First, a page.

LONDON (Reuters) - European shares hit a three-month closing low on Monday on worries about the economic impact of Japan’s earthquake on growth and demand, though some analysts said equities had the potential to recover soon.
Roads and rail, power and ports have been crippled in Japan and it scrambled to avert a meltdown at a nuclear plant after an explosion at one reactor, with the cost of the disasters estimated at about $170 billion. Japanese stocks slipped on Monday, wiping $287 billion off market capitalization.
The FTSEurofirst 300 .FTEU3 index of top European shares finished 1.2 percent down at 1,109.38 points, the lowest close since early December. The index has fallen 7 percent since hitting a 29-month high about one month ago.
Don Fitzgerald, fund manager of European equities at Tocqueville Finance that manages $2.2 billion, said the market was witnessing a lot of sector rotation as short-term traders tried to make money from the tragic events in Japan.
“(The disaster is) another slight negative for 2011 economic growth. The reinsurance sector is under pressure as the quake could well wipe out a big portion of the sectors’ earnings this year,” Fitzgerald said.”
“Anything related to the nuclear sector is under pressure as traders bet on tougher regulation. At the same time the renewable sector is in favor as the other side of the trade.”
Utilities fell the most, with the sector index .SX6P down 2.1 percent. E.ON (EONGn.DE), which gets 41 percent of its 19,000 megawatts of German power generation capacity from nuclear, fell 5.3 percent as Germany cast doubts about the future of its nuclear industry and Switzerland put on hold some approvals for nuclear plants.
However, shares in renewable energy companies were in demand after Japan’s problems. SolarWorld SWVG.DE rose 13 percent and Nordex (NDXG.DE) gained 17.8 percent, with volumes touching 634 percent and 600 percent of their 90-day daily average.
Investor appetite for risky assets such as equities fell, with the VDAX-NEW volatility index .V1XI rising 8 percent to its highest in more than three months.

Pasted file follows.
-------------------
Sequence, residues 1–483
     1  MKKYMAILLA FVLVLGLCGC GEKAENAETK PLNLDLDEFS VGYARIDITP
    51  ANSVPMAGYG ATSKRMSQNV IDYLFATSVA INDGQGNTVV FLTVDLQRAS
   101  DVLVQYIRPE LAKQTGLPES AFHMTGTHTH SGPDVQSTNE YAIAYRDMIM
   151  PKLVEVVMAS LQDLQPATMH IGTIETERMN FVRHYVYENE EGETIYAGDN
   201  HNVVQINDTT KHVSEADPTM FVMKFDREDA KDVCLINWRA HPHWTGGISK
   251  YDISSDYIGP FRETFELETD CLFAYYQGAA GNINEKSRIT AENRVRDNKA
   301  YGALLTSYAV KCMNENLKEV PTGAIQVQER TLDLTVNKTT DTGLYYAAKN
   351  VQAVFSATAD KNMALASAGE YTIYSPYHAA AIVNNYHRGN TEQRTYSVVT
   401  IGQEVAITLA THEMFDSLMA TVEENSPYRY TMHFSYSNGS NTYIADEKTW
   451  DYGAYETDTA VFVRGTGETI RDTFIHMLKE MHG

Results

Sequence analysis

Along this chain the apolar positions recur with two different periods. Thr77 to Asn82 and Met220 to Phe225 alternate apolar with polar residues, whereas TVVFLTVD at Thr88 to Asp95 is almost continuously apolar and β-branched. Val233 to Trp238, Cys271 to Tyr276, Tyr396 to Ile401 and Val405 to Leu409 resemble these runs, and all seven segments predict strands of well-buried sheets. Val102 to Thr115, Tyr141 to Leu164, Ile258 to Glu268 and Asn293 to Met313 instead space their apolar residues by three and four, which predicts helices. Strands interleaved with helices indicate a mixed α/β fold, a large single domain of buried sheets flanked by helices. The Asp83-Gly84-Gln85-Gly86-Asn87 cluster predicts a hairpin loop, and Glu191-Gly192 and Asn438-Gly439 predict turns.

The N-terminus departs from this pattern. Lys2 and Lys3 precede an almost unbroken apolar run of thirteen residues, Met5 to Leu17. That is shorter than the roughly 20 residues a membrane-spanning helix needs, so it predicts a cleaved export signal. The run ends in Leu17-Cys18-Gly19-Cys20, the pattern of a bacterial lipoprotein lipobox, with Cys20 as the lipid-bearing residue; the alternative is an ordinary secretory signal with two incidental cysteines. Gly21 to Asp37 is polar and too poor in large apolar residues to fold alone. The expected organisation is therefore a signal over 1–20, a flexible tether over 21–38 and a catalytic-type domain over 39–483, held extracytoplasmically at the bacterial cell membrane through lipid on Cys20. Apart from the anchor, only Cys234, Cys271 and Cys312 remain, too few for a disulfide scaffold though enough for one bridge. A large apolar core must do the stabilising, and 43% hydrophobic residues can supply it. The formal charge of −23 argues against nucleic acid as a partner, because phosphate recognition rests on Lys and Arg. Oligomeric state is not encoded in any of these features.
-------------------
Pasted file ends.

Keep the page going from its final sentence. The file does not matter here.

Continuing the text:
Some market experts said European equities’ limited decline following the disaster indicated that stocks had the potential to bounce back soon. Valuations were not extremely low but still more attractive than in the U.S. market, they said.
Europe's STOXX 600 index currently trades at 10.8 times one-year forecast earnings, below a 10-year average of 13.6, according to Thomson Reuters Datastream, and against a ratio of 13.1 for the U.S. S&P 500 .SPX.
“Despite the Japanese market falling back quite sharply overnight European markets have today been somewhat more restrained. We do not believe that the events in Japan this past week provide a case for overall caution on equities,” said Howard Wheeldon, senior strategist at BGC Partners.
“The resourceful Japanese will find new solutions to whatever problems they face very quickly and within weeks Japan’s industry will be all but up and running again.”
In Europe, the STOXX Europe 600 Insurance index .SXIP fell 2.1 percent, while reinsurers Munich Re (MUVGn.DE) and Swiss Re RUKN.VX fell 3.4 percent and 4.5 percent respectively on estimates the quake could cost the industry nearly $35 billion.
Banks, however, gained as European policymakers surprised at the weekend by agreeing to bolster a bailout fund for the troubled eurozone countries.
Greek banks .FTATBNK jumped 8.7 percent as investors welcomed the improved bailout terms for Greece, while the Thomson Reuters Peripheral Eurozone Banks index .TRXFLDPIPUBANK was up 3.8 percent.
“What’s happened in Japan is awful, but for us closer to home the bigger issue now is what’s happening in Europe,” a head of institutional trading at a London-based investment bank said.
“Any dip is a buying opportunity.”
Additional reporting by Josie Cox in Frankfurt; Editing by Greg Mahlich